This study demonstrates a positive association between DENV-infectious Ae. aegypti
and DENV-infected children living in the same and neighboring houses. Spatiotemporal clustering of DENV infection in children and mosquitoes was detected at a fine scale, consistent with focal aggregation well within a 100-meter radius area. Houses with infectious mosquitoes had an especially high risk (47.4%) of human DENV infection along with elevated measurements of mosquito density; neighboring houses also had elevated risk of human infection. Our results are consistent with the notion that houses with high DENV transmission risk contribute disproportionately to virus amplification and spread. Infections followed a pattern of over-dispersion, which has been reported for other infectious diseases to include indirectly transmitted, mosquito-borne infections 
. At a given point in time, people and mosquitoes in a relatively small portion of houses were responsible for the majority of DENV transmission.
Our results are the first to demonstrate a direct relationship between DENV infection in humans and mosquitoes at very fine spatiotemporal scales in the natural setting. Other researchers have reported heterogeneity of human DENV infection across space and time 
. Many entomological studies have shown the limited flight range and preferential and frequent human feeding behavior of Ae. aegypti
that would be expected to enhance DENV transmission 
. Prior studies of DENV infections in mosquitoes tended to focus on mosquitoes collected in or around houses of people with dengue-like illness 
; and when these studies were done across communities, infected mosquitoes were not explicitly linked to human infection 
. Perhaps because of the difficulty in collecting adult Ae. aegypti
, there has been relatively little research done on mosquito DENV infections in relation to human infection dynamics. Our study expands on this picture by showing that human and mosquito infections are positively associated with each other at small geographic and temporal scales. The strongest association was at the level of the individual house.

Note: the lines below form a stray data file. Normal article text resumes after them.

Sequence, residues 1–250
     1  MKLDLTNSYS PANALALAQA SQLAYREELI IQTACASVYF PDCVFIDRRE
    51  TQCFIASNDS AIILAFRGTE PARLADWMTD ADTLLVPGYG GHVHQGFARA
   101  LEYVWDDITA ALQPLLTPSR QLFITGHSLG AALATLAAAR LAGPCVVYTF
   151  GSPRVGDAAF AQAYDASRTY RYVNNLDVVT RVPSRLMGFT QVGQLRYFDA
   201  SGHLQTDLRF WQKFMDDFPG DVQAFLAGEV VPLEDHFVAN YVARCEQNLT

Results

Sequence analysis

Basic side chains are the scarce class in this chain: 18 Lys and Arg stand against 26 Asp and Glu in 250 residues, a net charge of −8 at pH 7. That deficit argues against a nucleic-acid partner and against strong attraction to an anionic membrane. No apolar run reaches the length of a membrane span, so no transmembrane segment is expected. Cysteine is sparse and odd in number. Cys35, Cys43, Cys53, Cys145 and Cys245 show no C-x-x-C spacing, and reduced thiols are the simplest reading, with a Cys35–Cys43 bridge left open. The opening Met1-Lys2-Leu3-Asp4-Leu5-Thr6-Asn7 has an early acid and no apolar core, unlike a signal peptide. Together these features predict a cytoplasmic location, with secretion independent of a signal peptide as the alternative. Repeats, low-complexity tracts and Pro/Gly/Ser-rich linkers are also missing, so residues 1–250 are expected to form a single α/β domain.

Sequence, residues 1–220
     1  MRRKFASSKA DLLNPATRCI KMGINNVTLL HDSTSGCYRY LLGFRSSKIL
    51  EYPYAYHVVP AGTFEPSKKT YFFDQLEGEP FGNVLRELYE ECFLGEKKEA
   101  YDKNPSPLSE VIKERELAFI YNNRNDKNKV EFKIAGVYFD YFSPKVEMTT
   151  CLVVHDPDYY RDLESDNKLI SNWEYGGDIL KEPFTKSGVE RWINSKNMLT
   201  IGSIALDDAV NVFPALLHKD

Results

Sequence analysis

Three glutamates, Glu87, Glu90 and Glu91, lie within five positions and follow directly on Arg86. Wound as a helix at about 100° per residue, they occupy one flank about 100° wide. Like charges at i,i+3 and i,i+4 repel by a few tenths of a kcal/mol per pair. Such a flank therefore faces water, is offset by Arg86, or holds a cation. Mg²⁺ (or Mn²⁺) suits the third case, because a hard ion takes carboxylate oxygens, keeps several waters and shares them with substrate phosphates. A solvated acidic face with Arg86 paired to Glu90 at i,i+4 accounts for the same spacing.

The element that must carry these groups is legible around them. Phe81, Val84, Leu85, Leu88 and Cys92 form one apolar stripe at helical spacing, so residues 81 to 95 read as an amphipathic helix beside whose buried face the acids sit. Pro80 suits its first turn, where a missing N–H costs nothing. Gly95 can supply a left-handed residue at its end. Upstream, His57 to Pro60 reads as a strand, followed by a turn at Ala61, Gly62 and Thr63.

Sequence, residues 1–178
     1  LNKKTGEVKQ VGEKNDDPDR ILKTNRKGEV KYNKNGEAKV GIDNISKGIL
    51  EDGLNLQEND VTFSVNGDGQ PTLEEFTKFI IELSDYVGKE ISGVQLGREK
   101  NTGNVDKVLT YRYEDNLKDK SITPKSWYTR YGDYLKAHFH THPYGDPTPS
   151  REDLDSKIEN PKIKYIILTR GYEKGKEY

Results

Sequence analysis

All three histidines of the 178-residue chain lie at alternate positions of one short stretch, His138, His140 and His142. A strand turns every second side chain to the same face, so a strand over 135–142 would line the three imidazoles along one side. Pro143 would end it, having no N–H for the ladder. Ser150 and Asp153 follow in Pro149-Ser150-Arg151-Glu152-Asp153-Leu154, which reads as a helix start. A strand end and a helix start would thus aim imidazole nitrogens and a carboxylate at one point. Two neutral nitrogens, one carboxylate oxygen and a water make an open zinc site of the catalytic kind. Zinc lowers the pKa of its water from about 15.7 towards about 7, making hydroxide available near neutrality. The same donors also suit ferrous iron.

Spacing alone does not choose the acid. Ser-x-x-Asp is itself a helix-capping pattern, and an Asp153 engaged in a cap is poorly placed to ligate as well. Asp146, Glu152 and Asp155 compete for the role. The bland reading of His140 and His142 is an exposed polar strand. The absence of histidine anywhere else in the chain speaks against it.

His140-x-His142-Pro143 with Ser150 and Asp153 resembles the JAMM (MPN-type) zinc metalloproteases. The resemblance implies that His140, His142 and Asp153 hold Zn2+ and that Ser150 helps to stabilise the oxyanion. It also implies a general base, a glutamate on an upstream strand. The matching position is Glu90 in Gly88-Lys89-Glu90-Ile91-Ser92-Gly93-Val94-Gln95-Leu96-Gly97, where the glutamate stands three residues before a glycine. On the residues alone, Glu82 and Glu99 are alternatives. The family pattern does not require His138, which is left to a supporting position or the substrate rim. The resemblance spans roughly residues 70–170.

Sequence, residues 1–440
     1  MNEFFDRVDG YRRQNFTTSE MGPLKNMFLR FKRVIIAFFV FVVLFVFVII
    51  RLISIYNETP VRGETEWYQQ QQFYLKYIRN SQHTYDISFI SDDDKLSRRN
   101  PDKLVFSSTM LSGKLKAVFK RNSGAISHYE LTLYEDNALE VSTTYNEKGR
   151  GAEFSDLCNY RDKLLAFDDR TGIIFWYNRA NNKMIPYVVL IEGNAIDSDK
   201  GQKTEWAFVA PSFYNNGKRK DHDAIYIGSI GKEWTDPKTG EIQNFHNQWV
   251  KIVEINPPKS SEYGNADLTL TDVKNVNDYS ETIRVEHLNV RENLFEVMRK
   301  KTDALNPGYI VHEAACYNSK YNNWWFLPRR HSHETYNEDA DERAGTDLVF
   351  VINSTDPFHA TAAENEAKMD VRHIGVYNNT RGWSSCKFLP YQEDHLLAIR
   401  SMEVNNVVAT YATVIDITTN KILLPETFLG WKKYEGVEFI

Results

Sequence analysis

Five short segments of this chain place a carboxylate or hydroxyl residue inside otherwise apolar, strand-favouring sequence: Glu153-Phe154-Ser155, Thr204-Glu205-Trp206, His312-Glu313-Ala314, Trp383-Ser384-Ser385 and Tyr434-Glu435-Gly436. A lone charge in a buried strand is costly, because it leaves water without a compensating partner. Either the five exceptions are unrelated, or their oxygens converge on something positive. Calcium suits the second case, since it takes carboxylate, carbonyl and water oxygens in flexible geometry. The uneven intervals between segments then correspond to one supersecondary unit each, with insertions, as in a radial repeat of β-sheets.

We did not directly evaluate the role of human adults in DENV transmission. It is possible that spatiotemporal dynamics of DENV transmission is different in adults and children, perhaps due to age-specific differences in existing immunity, the rate at which they are bitten 
, or in their movement patterns and exposure to daytime-biting Ae. aegypti
. We would not expect our overall conclusions to change, however, because both adults and children would have contributed to our findings whether or not adults were separately evaluated.
Fine scale spatial aggregation of DENV transmission may persist for three weeks or longer. Given the estimated time of infection of RD, ES and PES infections and because all of these categories of infection appeared to show focal aggregation within the ≤100-meter radius of the clusters, the spatial pattern we detected could have been present for greater than three weeks. This pattern, which is similar to what was observed for DENV-infected Ae. aegypti
in households in Mexico 
, may have persisted for a longer period if not truncated by the vector control interventions instituted on day 1 (by the study team) and day 7 (by the MOPH) of the cluster investigations. The lack of focal aggregation among day 15 PCR-positive child contacts supports this notion, although the small number of those infections may have been insufficient for a meaningful analysis.
Our testing method favored identification of PCR-positive mosquitoes that were infectious. The DENV incubation period in mosquitoes from the time that they imbibe an infectious blood meal to the time they become infectious (i.e., extrinsic incubation period) typically lasts for 10–14 days under environmental conditions like those in Kamphaeng Phet, Thailand